California overstated health insurance exchange Web traffic

October 3, 2013

obamacareCalifornia’s newly created health insurance exchange vastly overstated the traffic its website received Tuesday during the rollout of Obamacare. [LA Times]

Covered California’s website, coveredca.com, received 645,000 hits Tuesday, far fewer than the 5 million it initially reported, state officials said.

“Someone misspoke and thought it was indeed 5 million hits,” said Covered California spokesman Dana Howard. “That was incorrect.”

State officials stated the 5 million figure as not only a sign of strong consumer interest in the insurance exchange, but also as reason for users having difficulty in navigating the $313 million online enrollment system.

Technical problems delayed consumers during the first two days of enrollment under the federal healthcare law. Covered California shut down its website from 9 p.m. Tuesday to 7 a.m. Wednesday and again for two hours Wednesday morning.

Information on health plans was not loading properly and consumers endured long hold times, according to the state.

California is attempting to enroll more than 2 million people in the health insurance exchange in the next year. The target figure is larger than that of any other state.

 


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jwsjr

This is not the News story – I have good insurance and just tried to see what they are going to charge IF I didn’t. I was part of the masses (so called) that went to site. This is not the news story


The news story is just this simple – the amount they are going to charge. Affordable Care Act my rear… Bronze plans for a guy my age and a BRONZE level with a total out of pocket of $6K – $60.00 co-pays to visit a doctor and paying 40% of covered costs for other issues will be just under $4000 a year – AFFORDABLE? On Mars maybe. I just don’t understand where this went wrong. And why we are fighting over this crap.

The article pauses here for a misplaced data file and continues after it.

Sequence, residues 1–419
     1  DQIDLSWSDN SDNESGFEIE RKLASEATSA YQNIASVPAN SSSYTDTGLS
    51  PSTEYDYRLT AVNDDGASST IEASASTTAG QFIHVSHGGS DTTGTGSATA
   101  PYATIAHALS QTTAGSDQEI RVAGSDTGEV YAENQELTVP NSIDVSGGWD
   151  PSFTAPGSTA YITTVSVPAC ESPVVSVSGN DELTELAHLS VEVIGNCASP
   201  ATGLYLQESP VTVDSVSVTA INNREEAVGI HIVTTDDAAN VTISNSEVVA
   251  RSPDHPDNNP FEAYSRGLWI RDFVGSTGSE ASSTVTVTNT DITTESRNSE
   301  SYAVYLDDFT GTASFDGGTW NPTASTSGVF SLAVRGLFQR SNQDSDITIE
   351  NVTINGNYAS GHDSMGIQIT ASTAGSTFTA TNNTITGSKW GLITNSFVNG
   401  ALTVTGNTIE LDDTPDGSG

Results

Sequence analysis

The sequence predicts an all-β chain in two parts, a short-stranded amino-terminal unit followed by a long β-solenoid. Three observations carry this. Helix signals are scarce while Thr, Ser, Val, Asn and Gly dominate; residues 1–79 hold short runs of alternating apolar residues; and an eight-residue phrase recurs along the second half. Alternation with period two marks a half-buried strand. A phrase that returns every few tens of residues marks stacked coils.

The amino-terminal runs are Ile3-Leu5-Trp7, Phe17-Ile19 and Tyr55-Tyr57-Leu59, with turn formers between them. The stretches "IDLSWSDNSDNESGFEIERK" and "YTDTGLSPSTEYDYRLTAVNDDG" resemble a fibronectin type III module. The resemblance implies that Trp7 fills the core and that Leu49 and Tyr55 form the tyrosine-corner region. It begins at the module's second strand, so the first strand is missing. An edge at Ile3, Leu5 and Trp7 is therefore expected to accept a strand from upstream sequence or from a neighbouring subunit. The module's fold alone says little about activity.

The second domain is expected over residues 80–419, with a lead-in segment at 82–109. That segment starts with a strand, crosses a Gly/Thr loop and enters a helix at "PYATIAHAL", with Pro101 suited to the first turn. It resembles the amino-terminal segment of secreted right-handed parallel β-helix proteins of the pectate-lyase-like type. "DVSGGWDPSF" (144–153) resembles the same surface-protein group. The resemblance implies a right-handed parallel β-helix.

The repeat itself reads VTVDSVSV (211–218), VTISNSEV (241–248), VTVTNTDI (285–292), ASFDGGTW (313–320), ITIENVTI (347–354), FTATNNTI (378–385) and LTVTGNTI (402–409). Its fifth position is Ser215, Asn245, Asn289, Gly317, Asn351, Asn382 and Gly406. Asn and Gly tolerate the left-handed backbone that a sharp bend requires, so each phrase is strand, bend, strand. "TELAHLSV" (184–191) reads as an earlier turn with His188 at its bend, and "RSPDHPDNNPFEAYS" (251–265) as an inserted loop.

Either open it up to the whole country for the exchanges, leave it alone or go to single payer and stand in line for doctors. Either way – this is not the answer.


On January 2, 2014… let’s see what the tally is for individuals that signed up for this mess. No doubt – it’s cheap for the young and the poor who get taxpayer help. But for a guy who’s 40 years old and makes $48K a year – good fricking luck on getting him to sign up., My guess he’ll pay the $750 penalty and move on – roll that dice to see if he makes it another day without the AFFORDABLE CARE ACT at his side.


OnTheOtherHand

You have some good points but I wonder how much they are influenced by the fact that you have had a tremendous deal on health insurance up to now? If I had been able to find a policy like the one you described a few years ago, I wouldn’t have had to go without health insurance for over a year. I was mid-50s and was quoted almost twice as much for a $2500 deductible policy from the only company that would take me. Where and how did you latch on to a policy that makes $4000/year look expensive? Are you in your 20’s? Is the policy partially subsidized by an employer or some other organization?


jwsjr

I was without insurance for a long time. I work3ed hard to find a job that has great benefits. My point is one thing, the site hits don’t matter on the first few days of the launch. It’s how many uninsured actually signed up for the insurance that matters. Let’s talk about that on Jan 2, 2014. Then we’ll see what type of affordable act this truly is.


mkaney

I am 40 and I pay $3,600 per year with a $5k deductible through Blue Shield. It is not employer or government subsidized.


mkaney

Also I should note that BEFORE the affordable care act was passed, I paid $1,400 per year for the same plan.


UncleCharlie

And in other shocking news, fresh water is being pumped into the ocean during the installation of the Los Osos underground sewer system, prompting the mentally ill to call for its cancelation.


r0y

It looks like Louisiana holds the record for number of people who signed up for Obamacare: Zero.